TAKE ON TOPICS
By TRACI BARNES
I spent a few hours in Fort Coffee Saturday afternoon with a great bunch of kids. They refer to themselves as the north end kids. I got to thinking about the racial diversity and decided to do some more research on the area.
Fort Coffee is one of the oldest communities in Oklahoma but one of the newest incorporated towns.
The area is rich with the prehistoric roots of the Spiro Mounds nearby. The folks from Fort Coffee will let you know they really are the Fort Coffee Mounds.
The town started in 1832 when the federal government removed the Choctaw Nation to Indian Territory. Many Choctaw families and their slaves made the area between the river and Skullyville their home. Oak Lodge (Skullyville) was about six miles south of the Arkansas River. It was the Mushulatubbee District of the Choctaw Nation.
The Choctaws petitioned the U.S. War Department in 1834 to stop the illegal whiskey coming in on the river boats. Fort Coffee was built on Swallow Rock overlooking the Arkansas River. It was named after General John Coffee who fought in the Seminole War and died in 1833. The fort was only used for four years and it stopped most of the illegal whiskey flowing into the area.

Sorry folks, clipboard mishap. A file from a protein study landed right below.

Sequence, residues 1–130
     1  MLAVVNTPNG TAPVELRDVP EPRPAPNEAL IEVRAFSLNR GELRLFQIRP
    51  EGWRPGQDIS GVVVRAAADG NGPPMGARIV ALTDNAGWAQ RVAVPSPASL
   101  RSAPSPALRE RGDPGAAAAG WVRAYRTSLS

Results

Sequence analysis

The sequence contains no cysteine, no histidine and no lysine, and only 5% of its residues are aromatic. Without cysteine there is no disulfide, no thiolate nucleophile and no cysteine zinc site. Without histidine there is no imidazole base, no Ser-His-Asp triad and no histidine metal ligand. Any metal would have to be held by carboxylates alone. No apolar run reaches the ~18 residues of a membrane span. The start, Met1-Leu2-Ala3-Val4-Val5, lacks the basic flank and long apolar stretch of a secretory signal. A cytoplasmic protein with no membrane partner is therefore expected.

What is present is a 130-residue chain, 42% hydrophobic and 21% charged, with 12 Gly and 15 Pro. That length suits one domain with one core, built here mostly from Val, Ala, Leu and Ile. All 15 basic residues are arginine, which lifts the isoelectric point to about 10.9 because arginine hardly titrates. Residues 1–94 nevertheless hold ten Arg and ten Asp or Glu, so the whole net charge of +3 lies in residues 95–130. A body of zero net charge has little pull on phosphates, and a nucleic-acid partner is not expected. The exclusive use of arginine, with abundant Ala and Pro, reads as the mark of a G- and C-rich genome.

When Fort Smith was established in 1838 the old Fort Coffee buildings were abandoned. The Choctaw Nation allowed the Fort Coffee Choctaw Boys Academy to be established in the old fort in 1843. The school educated boys until the Civil War. The mission also ran the New Hope Girls School in Skullyville.
During the Civil War southern troops were stationed there until 1863. In 1863 Union forces captured the fort and Skullyville and held them until the end of the war. Most of the buildings were burned and later several small houses were constructed with the foundation stones.
After the Civil War the Reconstruction Treaty of 1866 required that the Choctaws release their slaves. The released slaves were called freedmen. Most remained in the Choctaw Nation and worked for the Choctaws or on their own land. In 1885 the Choctaw Nation adopted many of their freedmen. During the Dawes Commission the freedmen were allotted parcels of land near the north end (present day Fort Coffee). In 2000 the town of Fort Coffee was 62.9% African American, 26.2% percent white, and 9.2% American Indian, Choctaw for the most part.
In 2000 the population was 412 but more than 1,000 people in the rural area considered Fort Coffee their home town. By 2011 Fort Coffee‘s population had increased by 3% up to 425 people.
I look forward to going back and hanging out with the north end kids.
Until next week…